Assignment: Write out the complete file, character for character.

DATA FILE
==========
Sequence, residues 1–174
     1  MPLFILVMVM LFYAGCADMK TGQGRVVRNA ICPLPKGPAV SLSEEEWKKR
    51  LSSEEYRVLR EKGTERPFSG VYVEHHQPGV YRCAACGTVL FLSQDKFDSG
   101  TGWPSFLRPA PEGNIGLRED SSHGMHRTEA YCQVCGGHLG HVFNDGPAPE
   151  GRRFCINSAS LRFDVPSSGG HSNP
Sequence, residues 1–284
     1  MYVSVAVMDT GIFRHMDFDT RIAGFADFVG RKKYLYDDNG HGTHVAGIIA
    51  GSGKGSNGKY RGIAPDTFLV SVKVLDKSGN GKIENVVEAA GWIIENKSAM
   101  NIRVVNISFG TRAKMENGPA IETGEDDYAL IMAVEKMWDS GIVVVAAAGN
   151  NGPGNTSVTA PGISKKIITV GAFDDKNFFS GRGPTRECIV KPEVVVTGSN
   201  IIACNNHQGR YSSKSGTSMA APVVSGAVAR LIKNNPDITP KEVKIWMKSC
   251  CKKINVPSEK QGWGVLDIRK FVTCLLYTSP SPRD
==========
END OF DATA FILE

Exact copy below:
Sequence, residues 1–174
     1  MPLFILVMVM LFYAGCADMK TGQGRVVRNA ICPLPKGPAV SLSEEEWKKR
    51  LSSEEYRVLR EKGTERPFSG VYVEHHQPGV YRCAACGTVL FLSQDKFDSG
   101  TGWPSFLRPA PEGNIGLRED SSHGMHRTEA YCQVCGGHLG HVFNDGPAPE
   151  GRRFCINSAS LRFDVPSSGG HSNP
Sequence, residues 1–284
     1  MYVSVAVMDT GIFRHMDFDT RIAGFADFVG RKKYLYDDNG HGTHVAGIIA
    51  GSGKGSNGKY RGIAPDTFLV SVKVLDKSGN GKIENVVEAA GWIIENKSAM
   101  NIRVVNISFG TRAKMENGPA IETGEDDYAL IMAVEKMWDS GIVVVAAAGN
   151  NGPGNTSVTA PGISKKIITV GAFDDKNFFS GRGPTRECIV KPEVVVTGSN
   201  IIACNNHQGR YSSKSGTSMA APVVSGAVAR LIKNNPDITP KEVKIWMKSC
   251  CKKINVPSEK QGWGVLDIRK FVTCLLYTSP SPRD